The DMTF made the DEN specification part of the Common Information Model (CIM) standard. (For more information, The CIM standard provides a framework for managing enterprise computing environments in a common way. The CIM standard allows you to see a consistent view of the managed environment, regardless of which protocols and data formats individual network devices and applications support.

The CIM standard addresses the management of the following elements in an enterprise network:

  • Collections of general-purpose devices (not network devices)

  • Applications

  • System components

  • System data

The DEN specification enhances the CIM standard by defining the representation and management of network elements in enterprise and service provider networks. The DEN specification does not replace the information exposed by CIM but instead leverages this information and the information provided by other management frameworks such as SNMP.

The CIM standard and the DEN specification often have the same information needs. In these instances, a directory service can act as a central repository for CIM information. However, when storing CIM information in other repositories is more logical, the DEN specification enables other types of data repositories to communicate better with directory-enabled applications.

Applications written to use the CIM standard provide additional data that expand and enhance the DEN specification. These CIM-based applications will benefit from integration with the directory. Because the DEN specification is an extension of CIM, application developers can provide this integration with minimal effort.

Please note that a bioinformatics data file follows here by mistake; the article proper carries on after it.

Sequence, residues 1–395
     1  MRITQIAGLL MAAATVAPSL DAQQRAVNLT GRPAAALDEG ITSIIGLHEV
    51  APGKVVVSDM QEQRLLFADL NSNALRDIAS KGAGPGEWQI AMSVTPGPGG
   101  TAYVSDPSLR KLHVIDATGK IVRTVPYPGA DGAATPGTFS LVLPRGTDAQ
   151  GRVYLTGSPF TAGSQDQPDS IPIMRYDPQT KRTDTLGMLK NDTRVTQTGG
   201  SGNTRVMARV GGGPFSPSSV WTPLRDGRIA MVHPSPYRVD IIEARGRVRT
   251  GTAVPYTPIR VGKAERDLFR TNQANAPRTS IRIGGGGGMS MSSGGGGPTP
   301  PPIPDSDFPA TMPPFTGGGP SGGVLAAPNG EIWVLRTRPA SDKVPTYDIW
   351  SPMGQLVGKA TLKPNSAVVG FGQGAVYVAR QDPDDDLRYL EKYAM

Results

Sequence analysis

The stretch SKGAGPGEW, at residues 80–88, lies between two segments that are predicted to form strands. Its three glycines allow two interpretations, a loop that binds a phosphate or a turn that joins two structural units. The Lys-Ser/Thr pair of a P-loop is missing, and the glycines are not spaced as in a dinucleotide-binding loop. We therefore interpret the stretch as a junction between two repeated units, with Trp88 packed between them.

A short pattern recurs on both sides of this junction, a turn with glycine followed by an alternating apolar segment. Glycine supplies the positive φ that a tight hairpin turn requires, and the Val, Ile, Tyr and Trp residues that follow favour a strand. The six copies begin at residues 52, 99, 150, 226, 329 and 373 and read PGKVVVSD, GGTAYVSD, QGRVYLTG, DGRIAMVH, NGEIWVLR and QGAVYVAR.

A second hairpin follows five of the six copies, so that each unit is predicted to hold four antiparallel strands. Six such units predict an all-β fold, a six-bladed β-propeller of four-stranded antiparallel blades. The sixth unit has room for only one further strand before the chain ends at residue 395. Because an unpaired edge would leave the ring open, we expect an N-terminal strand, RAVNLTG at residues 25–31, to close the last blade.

The DEN information model defines how applications in an integrated directory service leverage the information published and how these applications interact with each other. The information model also defines how users and applications interact with network resources and how these network resources are managed.

In addition, the information model includes a schema for defining objects and rules governing how objects interact with each other. The DEN schema provides a basic framework that represents the network elements and services. This framework includes six base schema classes:

  • Network device

  • Network protocol

  • Network media

  • Network service

  • Profile

  • Policy

These six base schema classes augment the schemas provided by existing directory services such as NDS: The DEN schema defines network elements and services and how they interact with applications, users, and other services. Schemas of existing directory services define users, applications, and so on.

The DEN specification also leverages schemas defined by the CIM and X.500 standards. The DEN specification uses the CIM classes that represent products, systems, applications, and components in an enterprise network. These classes include the following:

  • Product

  • Managed system element

  • Configuration

  • Service

  • Software

  • Location

  • Check and action

  • Application

The DEN specification expands these classes to address the specific requirements of network elements and services.

In addition, the DEN specification uses the following X.500 classes: